The most recent software package used in the HORIBA LA-950 laser diffraction analyzer (HORIBA Scientific, Kyoto, Japan) includes an automated calculation wizard that facilitates RI selection. The user makes one measurement of the sample and then uses the calculation wizard in the Method Expert software package to vary RI and search for a minimum R parameter value. Most often, the real RI value is held constant, and the Method Expert package calculates up to five results using different imaginary component values. The user then selects the imaginary component that generates the result with the lowest R parameter value. Alternatively, the imaginary value can be fixed, and the Method Expert package searches for optimum real component values.

Materials

Two samples supplied by customers were used to test the RI calculation wizard. One sample was used to search for the optimum imaginary component and one sample to search for the optimum real component. The sample used for the imaginary component study was a micronized pharmaceutical active ingredient supplied by a customer. The real refractive index component was determined to be 1.58 using the Becke line technique. The median size was expected to be somewhere near 6 μm. The sample used for the real component study was a water-in-oil emulsion sample created in the oil production industry supplied by a customer. The median size was expected to be somewhere near 5 μm.

Results

Sample 1 was measured once and the result saved. The real RI component value for this sample was determined via the Becke line method and kept constant. This study investigated how calculated results varied using imaginary values of 0, 0.01, 0.1, 1.0, and 10. The Method Expert package created scattering models for each RI value, generated results for each, and generated multiple graphs and tables to aid in the selection of the optimum imaginary component. Figure 2 and Table 1 show how the calculated particle size distributions and R parameter varied as a function of imaginary component value.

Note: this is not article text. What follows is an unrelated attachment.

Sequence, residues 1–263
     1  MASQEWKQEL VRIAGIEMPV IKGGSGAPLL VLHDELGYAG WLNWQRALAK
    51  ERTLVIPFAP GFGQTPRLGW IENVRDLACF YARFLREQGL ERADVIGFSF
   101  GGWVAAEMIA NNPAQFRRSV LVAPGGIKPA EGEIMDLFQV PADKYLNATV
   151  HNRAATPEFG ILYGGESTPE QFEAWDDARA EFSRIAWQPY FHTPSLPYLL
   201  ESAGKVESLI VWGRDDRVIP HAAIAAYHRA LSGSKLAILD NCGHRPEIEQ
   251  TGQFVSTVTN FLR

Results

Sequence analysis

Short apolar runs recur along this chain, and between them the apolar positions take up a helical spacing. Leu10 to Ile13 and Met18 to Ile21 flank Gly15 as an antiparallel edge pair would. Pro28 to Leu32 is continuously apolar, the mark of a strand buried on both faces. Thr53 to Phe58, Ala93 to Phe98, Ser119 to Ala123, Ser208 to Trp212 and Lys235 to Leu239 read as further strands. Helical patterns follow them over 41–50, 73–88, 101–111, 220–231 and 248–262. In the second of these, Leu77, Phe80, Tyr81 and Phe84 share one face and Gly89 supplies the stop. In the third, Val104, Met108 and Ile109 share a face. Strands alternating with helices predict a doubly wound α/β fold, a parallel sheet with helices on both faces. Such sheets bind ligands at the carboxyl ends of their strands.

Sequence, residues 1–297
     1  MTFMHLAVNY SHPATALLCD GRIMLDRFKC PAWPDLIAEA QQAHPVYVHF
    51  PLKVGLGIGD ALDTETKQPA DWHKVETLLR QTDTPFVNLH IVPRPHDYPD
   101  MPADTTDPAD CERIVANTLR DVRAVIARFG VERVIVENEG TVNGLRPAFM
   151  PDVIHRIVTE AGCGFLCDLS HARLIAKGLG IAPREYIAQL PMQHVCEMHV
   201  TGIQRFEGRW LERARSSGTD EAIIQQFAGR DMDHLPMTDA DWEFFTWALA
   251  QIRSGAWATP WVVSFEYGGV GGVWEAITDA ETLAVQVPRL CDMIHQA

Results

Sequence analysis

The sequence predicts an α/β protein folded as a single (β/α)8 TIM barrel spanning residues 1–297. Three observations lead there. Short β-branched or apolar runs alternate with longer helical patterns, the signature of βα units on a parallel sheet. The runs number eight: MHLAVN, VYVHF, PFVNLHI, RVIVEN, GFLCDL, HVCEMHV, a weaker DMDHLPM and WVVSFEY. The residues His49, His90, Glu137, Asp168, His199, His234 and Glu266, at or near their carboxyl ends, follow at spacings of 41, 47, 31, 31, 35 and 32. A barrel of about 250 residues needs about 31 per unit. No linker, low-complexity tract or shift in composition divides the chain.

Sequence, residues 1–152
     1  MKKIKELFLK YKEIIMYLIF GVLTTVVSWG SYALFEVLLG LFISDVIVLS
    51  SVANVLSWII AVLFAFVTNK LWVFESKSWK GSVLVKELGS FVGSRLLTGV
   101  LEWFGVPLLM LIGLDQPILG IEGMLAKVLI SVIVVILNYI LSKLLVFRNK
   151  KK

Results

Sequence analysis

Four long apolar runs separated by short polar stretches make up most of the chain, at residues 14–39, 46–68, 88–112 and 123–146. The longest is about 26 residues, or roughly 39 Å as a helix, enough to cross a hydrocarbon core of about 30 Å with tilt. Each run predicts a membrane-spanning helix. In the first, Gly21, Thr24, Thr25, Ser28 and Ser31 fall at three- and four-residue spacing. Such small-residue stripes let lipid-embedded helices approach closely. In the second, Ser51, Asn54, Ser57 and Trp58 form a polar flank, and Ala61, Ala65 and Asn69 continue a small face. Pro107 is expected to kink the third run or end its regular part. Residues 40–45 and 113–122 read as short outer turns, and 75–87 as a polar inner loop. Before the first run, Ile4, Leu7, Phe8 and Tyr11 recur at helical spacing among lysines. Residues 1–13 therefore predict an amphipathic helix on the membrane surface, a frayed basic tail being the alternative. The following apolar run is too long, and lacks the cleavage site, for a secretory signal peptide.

Figure 2 – Particle size distribution as a function of varying imaginary RI component.
Table 1 – Particle size and R parameter results as a function of varying imaginary RI component for sample 1

For this sample, the R parameter is minimized at an imaginary component value of 0.1, indicating the most accurate result. This is the imaginary component most frequently used for pharmaceutical white powders.

For sample 2, the imaginary RI component value was fixed at 0 since emulsions are both transparent and spherical. This study investigated how calculated results varied using real values of 1.25, 1.30, 1.33, 1.35, and 1.40. Figure 3 and Table 2 show how the calculated particle size distributions and R parameter varied as a function of the real component value.

Figure 3 – Particle size distribution as a function of varying real RI component.
Table 2 – Particle size and R parameter results as a function of varying real RI component for sample 2

For sample 2, the R parameter calculation is at a minimum for the real RI component value of 1.33, indicating this generates the most accurate result. Since the dispersed phase was water (RI = 1.33), this confirms the ability of these calculations to determine the optimum RI choice.

Conclusion

The Method Expert calculation wizard described in this study proved to be a quick and easy way to choose the optimum RI values that generated the most accurate results. The wizard automated a process that many users performed manually in the past. The generated results that are available in both graphical and tabular form (not shown here) facilitate the RI selection process and provide excellent recordkeeping for method development and validation. A word of caution is required: This approach works most of the time, but one must consider if the results chosen by the calculation wizard match expected reality.

References

  1. ISO 13320, Particle size analysis—Laser diffraction method.
  2. Boer, G.B.J.; de Weerd, C. et al. Laser Diffraction Spectrometry: Fraunhofer Diffraction Versus Mie Theory. Part. Charact.  1987, 4, 14–19.

Mark Bumiller is European Manager, Particle Analysis Products, HORIBA Scientific, 16 Rue du Canal, 91165 Longjumeua, Cédex, France; tel.: +33 (0)1 69 74 72 00; fax: +33 (0)1 69 09 07 21; e-mail: mark.bumiller@horiba.com.